2) The rebuilding of community under the guidance of the landscape renewal from 2014 till now

In 2014, owing to the rising concern on rural construction nationwide and the policy “Together to Create a Beautiful Xiamen”, Yuanqian SHE got a chance to transform from the demolition village to the well-known Fujian-Taiwan eco-cultural village. The beginning of the transformation is a series of landscape renewal based on public participation, including repairing the natural landscape like water system, reconstructing the habitat landscape like housing courtyards, reshaping the social landscape like the Da Hejiao (Fig.4), and restoring the cultural landscape like historic buildings and so on. The practice of this series of landscape renewal has not only gradually stimulated the environmental awareness and landscape aesthetics of residents in Yuanqian SHE, but also cultivated the awareness of multiple participation in community development and decision-making, all of which would accomplished the whole process of community building in Yuanqian SHE.

 

In conclusion, although landscape destroy and renewal is definitely not the only reason contributed to Yuanqian SHE’s dramatic development, but it is predominant. What we can learn from the case is that, on the one hand, landscape play an important role in not only the physical living environment, but also sense of identity and coherence; on the other hand, landscape design or renewal process makes a difference to the community rebuilding or rural sustainable development.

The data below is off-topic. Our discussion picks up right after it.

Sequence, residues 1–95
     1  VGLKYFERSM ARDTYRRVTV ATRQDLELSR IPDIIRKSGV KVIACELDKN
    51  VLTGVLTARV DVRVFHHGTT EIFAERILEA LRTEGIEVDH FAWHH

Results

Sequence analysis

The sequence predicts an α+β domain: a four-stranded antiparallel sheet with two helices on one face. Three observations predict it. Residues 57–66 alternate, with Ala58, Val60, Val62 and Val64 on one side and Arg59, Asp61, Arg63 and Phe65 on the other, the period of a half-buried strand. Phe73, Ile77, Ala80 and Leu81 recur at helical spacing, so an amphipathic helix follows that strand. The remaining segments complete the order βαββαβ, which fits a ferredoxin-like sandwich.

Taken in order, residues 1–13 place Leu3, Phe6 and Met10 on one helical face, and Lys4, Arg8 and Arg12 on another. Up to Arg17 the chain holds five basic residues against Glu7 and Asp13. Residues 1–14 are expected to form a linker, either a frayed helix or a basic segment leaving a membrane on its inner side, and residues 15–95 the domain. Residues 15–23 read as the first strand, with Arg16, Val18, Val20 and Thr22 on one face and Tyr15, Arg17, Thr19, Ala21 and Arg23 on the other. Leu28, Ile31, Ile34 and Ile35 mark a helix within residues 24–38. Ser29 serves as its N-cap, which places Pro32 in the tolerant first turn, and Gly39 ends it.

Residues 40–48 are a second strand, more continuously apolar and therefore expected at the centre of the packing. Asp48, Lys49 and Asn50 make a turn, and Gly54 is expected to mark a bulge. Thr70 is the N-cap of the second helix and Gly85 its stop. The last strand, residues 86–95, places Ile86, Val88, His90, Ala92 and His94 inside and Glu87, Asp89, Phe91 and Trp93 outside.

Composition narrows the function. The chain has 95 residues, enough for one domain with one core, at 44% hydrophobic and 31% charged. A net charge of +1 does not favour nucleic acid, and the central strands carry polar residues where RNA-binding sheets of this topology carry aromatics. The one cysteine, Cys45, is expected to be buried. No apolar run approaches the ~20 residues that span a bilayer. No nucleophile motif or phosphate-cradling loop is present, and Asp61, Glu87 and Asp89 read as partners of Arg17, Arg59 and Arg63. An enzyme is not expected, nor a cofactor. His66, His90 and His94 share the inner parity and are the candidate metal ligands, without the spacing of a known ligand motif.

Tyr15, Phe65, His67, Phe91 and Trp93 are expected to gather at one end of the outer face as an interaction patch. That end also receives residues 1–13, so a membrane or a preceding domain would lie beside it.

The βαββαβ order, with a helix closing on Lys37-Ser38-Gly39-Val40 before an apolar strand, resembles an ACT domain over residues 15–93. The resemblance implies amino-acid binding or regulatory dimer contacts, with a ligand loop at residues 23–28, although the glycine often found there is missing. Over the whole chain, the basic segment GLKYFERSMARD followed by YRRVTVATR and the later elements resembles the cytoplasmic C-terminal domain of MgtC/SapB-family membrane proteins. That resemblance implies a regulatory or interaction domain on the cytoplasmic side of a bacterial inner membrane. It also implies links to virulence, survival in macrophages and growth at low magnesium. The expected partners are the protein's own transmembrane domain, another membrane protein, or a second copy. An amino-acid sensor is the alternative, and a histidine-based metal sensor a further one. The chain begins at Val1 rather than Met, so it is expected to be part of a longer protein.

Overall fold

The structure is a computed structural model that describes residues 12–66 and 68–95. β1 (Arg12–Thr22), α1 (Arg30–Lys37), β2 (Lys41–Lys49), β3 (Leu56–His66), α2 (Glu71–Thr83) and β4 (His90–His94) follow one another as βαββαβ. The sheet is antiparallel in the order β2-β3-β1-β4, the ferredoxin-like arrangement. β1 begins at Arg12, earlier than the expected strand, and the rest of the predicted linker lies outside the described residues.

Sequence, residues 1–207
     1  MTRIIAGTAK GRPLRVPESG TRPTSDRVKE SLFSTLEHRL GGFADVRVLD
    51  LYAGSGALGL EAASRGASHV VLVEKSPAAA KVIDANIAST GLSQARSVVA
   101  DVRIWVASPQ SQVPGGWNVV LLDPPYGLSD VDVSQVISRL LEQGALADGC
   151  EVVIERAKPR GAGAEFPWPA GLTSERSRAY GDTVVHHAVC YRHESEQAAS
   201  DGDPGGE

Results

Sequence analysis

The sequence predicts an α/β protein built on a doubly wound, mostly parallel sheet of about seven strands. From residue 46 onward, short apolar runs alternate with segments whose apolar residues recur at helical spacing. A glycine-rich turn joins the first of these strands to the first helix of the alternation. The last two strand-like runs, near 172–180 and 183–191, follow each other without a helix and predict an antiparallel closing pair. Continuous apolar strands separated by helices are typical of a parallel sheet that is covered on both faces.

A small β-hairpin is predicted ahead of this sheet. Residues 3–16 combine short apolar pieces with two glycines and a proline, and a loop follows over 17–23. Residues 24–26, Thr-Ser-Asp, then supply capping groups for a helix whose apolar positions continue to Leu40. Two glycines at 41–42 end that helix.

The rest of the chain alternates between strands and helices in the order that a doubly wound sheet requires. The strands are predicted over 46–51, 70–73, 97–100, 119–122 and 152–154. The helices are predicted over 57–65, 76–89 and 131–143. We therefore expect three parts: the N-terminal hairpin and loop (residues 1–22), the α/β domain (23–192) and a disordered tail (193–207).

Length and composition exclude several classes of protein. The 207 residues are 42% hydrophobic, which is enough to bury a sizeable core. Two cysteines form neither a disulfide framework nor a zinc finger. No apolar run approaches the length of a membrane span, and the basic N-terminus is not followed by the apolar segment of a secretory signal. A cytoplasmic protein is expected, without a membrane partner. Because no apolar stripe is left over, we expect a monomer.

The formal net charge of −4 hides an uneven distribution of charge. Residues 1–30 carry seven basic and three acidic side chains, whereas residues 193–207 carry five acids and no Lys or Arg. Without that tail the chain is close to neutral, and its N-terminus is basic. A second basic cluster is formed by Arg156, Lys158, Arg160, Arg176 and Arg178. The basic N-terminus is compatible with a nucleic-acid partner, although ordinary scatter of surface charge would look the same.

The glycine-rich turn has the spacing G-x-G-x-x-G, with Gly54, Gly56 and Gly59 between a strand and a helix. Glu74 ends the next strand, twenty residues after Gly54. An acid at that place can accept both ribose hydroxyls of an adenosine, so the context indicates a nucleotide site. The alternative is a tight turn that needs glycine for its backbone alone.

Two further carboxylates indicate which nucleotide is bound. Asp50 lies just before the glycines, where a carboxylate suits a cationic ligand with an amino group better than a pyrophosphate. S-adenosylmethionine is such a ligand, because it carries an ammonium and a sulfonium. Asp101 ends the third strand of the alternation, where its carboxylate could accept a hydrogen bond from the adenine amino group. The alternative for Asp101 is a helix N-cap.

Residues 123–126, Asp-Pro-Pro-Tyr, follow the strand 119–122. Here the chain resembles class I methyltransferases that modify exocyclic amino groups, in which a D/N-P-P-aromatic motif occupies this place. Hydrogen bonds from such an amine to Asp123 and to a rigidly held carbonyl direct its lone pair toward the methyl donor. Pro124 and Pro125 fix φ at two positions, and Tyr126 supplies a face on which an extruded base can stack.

References:

[1] Waldheim, C., 2006. The landscape urbanism reader, New York: Princeton Architectural Press.

[2] Wu, L.Y., 2014. History of Habitat in China, Beijing: China Architecture & Building Press.

[3] Whitten, G.,2018. Landscape Urbanism, Newcastle: Principles and Practice in Urban Design.

[4] Liu. Y.S. et al., 2010. China Rural Hollowing in Rapid Urbanization, Beijing: Journal of Geographical Sciences.

[5] Han, J. et al., 2018. An Exploration of the ‘Ecomuseum Ideal’ for Living Heritage Management under the Context of Rural Revitalization in China: the Case of a Peri-rural Village in Xiamen, Fujian. Advances in Social Science, Education and Humanities Research.

Sources of Images:

[1] Feature Image is photographed by author in Yuanqian SHE.

[2] Fig1 is drawn and photographed by author and the Rural Construction Society of Xiamen University.

[3] Fig2&3 are drawn by author and Wencan HUANG, an Architecture Postgraduate of Xiamen University.

[4] Fig4 is provided by the local institute named Ji Shengyuan Cooperative.

School of Architecture
Planning and Landscape
Newcastle upon Tyne
Tyne and Wear, NE1 7RU

Tel: 0191 208 6509

Email: nicola.rutherford@ncl.ac.uk